The alleged beating of a gay man in Savannah by two Marines is no longer being considered a hate crime, according to a spokesperson for the Chatham County District Attorney.

Christopher Stanzel, 23, and Keil Cronauer, 22, of Beaufort are charged with misdemeanor battery in the attack on Kieran Daly, 26, on June 12 in Savannah. Daly, who is gay, alleged that he was attacked because one of the Marines said he winked at him.

Alleged gay bashing by Marines not considered hate crime

Alicia Johnson, spokesperson for the Chatham County DA’s office, which includes Savannah, said Aug. 27 that the two Marines would only face misdemeanor charges for allegedly punching Daly.

The two Marines will appear before a judge in state court on Sept. 9. The judge is expected to hear the case and render a verdict, Johnson said. The case has already been postponed twice.

After the alleged attack on June 12, LGBT activists in Savannah and Atlanta called for the FBI to investigate the incident under the federal hate crimes law.

Johnson said after the FBI, the Savannah-Chatham Metropolitan Police Department and the DA’s office reviewed Daly’s medical records and conducted further investigation, they determined this case had “no merit” to be considered a hate crime.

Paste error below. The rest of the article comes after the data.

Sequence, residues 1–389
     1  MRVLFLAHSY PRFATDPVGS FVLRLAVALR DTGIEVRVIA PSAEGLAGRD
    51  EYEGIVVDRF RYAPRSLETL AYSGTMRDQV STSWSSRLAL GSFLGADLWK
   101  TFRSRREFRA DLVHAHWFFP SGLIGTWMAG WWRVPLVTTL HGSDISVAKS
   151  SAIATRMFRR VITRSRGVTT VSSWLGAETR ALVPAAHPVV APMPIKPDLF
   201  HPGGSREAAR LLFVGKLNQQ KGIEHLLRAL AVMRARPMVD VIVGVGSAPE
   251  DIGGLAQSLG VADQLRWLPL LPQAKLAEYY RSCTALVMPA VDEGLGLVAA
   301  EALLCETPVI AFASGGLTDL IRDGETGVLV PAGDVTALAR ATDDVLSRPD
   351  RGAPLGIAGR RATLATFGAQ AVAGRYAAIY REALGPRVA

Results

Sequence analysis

“I can’t speak on the specifics because this is pending litigation, but for a crime to be considered a felony [which a hate crime is considered to be] there has to be proof of a sustained injury,” Johnson said.

“It’s my understanding Daly suffered only a punch. Based on his medical records we could not upgrade the charge from a misdemeanor to a felony.”

If convicted of a misdemeanor, the Marines could face less than a year in jail and a fine of no more than $1,200, she added.

Kevin Clark of the Savannah chapter of Georgia Equality said he was “deeply disappointed” the Marines would not be tried under the federal hate crimes law.

“Apparently there is a host of criteria to be met and I fear there will be many occasions [of alleged hate crimes] that will fail to meet this substantive criteria,” Clark said. “This boosts our fierce objective to get a state hate crimes law.”

Georgia is one of only five states in the nation without a state hate crimes law.